BG3’s Changes To D&D Rules Make Punching Better Than Any Magic Sword
Since Baldur’s Gate 3 also adds a variety of non-canon magic items, including those that add elemental damage to unarmed strikes, punching has gone from a monk specialty to every strength-based character’s best option. Other bizarre rule alterations also raise eyebrows, like the absence of Attunement for powerful magic items, or combining Thieves’ Tools with the Sleight of Hand skill. The rationale behind the other changes might receive the benefit of the doubt if BG3‘s Tavern Brawler mistake did not already betray either a lack of understanding of 5e DnD balance, or complete indifference towards bounded accuracy – a central, defining paradigm of the edition.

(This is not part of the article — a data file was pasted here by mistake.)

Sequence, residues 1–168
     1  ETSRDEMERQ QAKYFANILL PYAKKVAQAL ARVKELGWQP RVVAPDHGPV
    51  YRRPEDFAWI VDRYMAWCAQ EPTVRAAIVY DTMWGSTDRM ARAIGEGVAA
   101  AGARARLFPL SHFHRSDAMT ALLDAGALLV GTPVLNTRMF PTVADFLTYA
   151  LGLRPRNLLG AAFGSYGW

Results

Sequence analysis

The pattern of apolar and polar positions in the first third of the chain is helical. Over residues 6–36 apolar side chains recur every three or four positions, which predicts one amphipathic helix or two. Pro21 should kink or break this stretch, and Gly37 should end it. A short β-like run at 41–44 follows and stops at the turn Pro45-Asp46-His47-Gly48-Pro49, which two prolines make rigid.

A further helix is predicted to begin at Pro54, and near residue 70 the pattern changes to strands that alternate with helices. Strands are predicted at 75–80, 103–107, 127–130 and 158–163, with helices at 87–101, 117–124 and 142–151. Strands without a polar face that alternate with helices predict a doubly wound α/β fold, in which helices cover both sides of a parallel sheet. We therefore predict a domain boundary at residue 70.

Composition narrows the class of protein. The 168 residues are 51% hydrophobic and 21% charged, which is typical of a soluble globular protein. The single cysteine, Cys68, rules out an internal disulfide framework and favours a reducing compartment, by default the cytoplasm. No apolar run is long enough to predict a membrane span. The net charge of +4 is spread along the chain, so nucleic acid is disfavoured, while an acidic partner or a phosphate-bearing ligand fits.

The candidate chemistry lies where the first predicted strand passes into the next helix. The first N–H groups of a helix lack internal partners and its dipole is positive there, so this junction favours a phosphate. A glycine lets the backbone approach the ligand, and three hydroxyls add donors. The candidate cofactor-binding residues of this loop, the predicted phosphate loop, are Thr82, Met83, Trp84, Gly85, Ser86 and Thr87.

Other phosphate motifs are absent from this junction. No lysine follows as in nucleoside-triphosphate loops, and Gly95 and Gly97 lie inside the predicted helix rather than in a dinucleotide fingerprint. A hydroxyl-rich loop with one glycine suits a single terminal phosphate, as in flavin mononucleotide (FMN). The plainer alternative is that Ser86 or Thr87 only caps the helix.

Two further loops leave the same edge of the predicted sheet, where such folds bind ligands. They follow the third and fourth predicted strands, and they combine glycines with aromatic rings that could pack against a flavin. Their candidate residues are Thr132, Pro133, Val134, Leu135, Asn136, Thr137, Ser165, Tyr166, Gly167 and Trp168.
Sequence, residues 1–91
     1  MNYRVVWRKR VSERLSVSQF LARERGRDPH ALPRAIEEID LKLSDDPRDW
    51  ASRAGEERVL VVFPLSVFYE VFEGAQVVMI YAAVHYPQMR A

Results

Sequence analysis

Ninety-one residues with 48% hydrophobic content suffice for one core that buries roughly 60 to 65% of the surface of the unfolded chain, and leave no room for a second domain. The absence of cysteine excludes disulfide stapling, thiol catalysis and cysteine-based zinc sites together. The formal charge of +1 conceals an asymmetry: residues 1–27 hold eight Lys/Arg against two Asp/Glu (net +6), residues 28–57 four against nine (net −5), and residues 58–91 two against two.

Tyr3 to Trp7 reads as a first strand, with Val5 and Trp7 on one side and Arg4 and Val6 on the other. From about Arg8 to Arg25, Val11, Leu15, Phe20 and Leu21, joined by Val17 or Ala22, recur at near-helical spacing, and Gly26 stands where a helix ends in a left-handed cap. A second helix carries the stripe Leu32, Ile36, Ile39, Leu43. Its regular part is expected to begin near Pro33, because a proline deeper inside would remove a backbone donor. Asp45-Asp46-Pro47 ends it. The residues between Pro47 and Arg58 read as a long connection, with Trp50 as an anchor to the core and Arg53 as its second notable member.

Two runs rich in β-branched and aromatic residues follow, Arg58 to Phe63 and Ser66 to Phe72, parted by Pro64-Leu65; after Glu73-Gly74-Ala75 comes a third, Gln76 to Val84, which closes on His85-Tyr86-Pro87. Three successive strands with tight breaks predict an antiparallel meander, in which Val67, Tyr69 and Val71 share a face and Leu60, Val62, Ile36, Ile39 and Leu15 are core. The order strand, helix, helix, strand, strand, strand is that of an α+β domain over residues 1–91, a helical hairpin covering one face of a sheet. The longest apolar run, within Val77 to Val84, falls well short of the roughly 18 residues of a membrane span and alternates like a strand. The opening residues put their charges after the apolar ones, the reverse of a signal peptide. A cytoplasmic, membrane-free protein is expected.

Outside of increases through statistics going up, there are no feats in 5e that offer static bonuses to hit. A feat that can instantly add +4 to hit and damage with any weapon type has no place in 5e DnD’s design, but in Baldur’s Gate 3, a closed fist is more threatening than a magic greatsword. Other rules that were implemented incorrectly synergize ideally with the overpowered Tavern Brawler, allowing for absurd unarmed fighting builds. DnD‘sThief subclass for rogue offers alternate uses for a bonus action at level three, but in BG3 it grants an additional bonus action, another concept that would never be allowed in tabletop 5e.